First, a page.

My latest? Dinner. And how to get my kid to eat it. How about that one? Isn’t there a famous mom somewhere that has a motivational quote to get your 3 year old to eat? Bah. ha. ha.
Regardless of what food I feed her, it takes a minimum of an hour and 45 minutes for her to eat dinner. Every single night I bother, ignore her, bribe her, threaten her to get her to eat her mother loving dinner. I cannot follow the advice of the parenting magazines and let her go hungry …or offer her an alternative to make herself. Please… Not. Going. To. Happen.
In light of her older sister’s poor example, my 11 month old (who started to refuse to eat mashed up food at 7 months) continues to eat everything I cut up into pieces for her …with one tooth.
My latest tactic is ‘The Take Away.” No dinner? No blanket. No dinner? No ballet. Which at the moment is crushing for her …she dances all over the house in tutu’s and grass skirts and hasn’t even taken a class yet.
In the midst of the chaos I try to relax the situation with some conversation, and ask her if she dreams of being a ballerina one day. (…because I’m a mom, and inside I am dying to encourage her to follow her dreams …which she’ll most likely read as me being too pushy …it’ll be awesome.) She just looked at me puzzled, trying to pull the literal answer out of her butt …or her nose. Then she broke out into giggles as her little sister spiked her hair up with spaghetti sauce. Her reaction made me think back a few months ago, when she told her then 9 month old sister to “Stop looking at me.”
Chill out, mom.
“Stop looking at me.” Isn’t that how we all feel, sometimes?
But lately when I feel that way it’s causing me to stop and look harder. To sit back, calm down, and relish in the moment. Just as fast as 11 years have gone by since I stepped on the track to do a workout (which I did this week …streak over …legs sore.), soon my daughters will be dating, graduating, leaving, and the quiet will cause me to take on such a fury of hobbies I’ll most likely go insane. Maybe it’s just time to bump wine time up a little bit, sit back and let the madness unfold. So what if dinnertime is 2 hours of minuscule bites, giggle breakouts between sisters, 15 spill disasters, and anything but eating…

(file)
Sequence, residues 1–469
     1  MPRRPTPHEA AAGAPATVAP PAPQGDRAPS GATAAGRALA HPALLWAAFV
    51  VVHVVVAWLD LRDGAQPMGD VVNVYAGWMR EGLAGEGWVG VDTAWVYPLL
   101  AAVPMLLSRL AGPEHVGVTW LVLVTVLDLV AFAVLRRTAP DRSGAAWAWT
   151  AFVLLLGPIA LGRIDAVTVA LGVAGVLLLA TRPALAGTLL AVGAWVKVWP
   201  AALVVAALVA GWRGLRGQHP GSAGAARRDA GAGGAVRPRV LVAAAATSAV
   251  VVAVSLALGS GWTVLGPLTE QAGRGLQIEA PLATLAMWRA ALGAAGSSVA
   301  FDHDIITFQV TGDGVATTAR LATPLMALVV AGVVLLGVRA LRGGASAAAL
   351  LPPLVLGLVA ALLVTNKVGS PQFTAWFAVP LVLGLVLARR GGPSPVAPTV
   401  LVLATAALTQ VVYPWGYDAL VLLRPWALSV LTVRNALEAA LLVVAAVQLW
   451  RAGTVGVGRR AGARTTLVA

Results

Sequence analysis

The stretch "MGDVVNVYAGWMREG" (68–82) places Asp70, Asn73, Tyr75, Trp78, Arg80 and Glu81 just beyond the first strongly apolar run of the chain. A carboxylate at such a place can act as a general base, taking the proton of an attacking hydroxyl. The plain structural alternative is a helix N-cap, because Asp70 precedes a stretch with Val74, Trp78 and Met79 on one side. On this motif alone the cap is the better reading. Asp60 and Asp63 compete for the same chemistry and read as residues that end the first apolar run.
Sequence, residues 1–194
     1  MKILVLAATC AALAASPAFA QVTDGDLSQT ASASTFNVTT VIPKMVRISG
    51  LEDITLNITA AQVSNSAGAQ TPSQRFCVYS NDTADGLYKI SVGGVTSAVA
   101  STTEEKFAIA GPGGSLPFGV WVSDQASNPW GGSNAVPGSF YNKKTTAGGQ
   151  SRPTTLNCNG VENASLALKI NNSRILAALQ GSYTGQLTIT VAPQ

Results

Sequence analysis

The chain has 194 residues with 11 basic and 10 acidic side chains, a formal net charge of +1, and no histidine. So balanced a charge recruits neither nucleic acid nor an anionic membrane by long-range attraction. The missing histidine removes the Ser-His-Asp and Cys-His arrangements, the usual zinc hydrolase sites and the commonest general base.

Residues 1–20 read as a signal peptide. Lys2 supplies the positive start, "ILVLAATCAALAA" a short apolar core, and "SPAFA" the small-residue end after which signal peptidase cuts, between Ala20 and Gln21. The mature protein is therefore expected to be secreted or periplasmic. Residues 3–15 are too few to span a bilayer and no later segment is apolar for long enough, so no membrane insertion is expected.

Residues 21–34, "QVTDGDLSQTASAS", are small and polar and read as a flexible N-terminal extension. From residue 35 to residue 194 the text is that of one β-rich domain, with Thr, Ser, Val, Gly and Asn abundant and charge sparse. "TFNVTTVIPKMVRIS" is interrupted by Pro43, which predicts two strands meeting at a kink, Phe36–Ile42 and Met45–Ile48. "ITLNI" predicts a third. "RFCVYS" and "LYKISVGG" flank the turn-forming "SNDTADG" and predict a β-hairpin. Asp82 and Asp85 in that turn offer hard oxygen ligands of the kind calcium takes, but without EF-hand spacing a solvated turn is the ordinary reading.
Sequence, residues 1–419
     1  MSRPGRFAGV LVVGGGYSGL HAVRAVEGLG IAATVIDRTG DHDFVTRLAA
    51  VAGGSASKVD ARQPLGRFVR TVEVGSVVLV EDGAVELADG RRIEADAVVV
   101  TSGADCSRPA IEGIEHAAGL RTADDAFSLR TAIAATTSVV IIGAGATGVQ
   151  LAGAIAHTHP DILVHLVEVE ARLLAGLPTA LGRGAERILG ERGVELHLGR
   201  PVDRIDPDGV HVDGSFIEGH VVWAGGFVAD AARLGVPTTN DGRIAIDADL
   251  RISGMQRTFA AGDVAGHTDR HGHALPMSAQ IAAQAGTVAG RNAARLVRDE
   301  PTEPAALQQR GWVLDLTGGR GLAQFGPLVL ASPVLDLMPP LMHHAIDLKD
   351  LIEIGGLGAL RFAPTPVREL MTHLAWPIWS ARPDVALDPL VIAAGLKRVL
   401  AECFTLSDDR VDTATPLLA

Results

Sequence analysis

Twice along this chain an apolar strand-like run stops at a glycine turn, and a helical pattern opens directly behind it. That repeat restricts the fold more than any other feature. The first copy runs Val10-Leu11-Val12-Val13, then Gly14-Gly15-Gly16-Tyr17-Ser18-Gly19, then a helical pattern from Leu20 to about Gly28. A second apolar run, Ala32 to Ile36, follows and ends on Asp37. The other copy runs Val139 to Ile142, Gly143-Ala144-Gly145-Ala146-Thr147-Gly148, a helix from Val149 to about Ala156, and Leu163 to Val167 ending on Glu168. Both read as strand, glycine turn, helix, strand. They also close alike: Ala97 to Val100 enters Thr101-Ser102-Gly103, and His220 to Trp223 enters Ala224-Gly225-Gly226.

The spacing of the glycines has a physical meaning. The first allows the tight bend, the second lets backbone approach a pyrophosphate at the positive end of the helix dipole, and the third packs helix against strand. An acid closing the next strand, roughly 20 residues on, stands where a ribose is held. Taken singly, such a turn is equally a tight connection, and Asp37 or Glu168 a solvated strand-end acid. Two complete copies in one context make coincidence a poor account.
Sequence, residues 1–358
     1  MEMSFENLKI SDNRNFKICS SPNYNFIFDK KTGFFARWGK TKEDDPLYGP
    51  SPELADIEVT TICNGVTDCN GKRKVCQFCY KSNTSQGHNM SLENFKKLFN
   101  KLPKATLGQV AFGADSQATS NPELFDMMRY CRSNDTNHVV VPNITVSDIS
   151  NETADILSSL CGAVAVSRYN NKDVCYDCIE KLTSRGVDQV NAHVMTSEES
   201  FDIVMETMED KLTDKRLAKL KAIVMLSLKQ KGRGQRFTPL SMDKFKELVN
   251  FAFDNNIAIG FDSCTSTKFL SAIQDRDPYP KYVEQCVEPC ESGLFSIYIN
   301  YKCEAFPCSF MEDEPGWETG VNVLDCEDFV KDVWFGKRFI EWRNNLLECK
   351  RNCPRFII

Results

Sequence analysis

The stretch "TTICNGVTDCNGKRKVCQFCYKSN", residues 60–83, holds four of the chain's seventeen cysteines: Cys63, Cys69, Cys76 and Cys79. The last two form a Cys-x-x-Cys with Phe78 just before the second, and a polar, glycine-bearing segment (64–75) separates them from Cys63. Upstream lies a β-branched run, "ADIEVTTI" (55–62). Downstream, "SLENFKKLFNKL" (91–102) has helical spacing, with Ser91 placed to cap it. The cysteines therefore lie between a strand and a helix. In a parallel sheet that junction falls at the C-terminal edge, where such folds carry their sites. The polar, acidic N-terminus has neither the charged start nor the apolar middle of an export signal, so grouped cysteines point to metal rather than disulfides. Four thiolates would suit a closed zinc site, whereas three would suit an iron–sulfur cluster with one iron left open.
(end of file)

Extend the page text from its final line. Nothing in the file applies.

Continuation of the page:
I will miss this.
Ok, so now my babies are eleven and nine …Brianne still dreams of and lives for ballet. Lo is still biggest crack up we’ve ever known. Dinnertime is still obnoxious and now we have a dog who’s paws up on the table just waiting for someone to sneak her a bit that’s too chewy or crunchy. Most mornings I’m up before everyone else for coffee and QUIET. This momma is NOT doing track workouts, but did run a half marathon last fall. (I’m averaging a year of rest into between races to pay homage to all the injuries that occur in my oldness. Shhh -It’s fine.) I’m savoring every crazy minute of all of it. It’s going fast. We’ve got a junior high kid in the house this year. Both my girls are beautiful, fierce and brilliant which terrifies their dad into complete denial as the boys start to notice. Life is not easy, hardly ever, but always worth it. Soggy Cherrios and everything.
Category: Parenting Tagged: Parenting, static, throwbackpost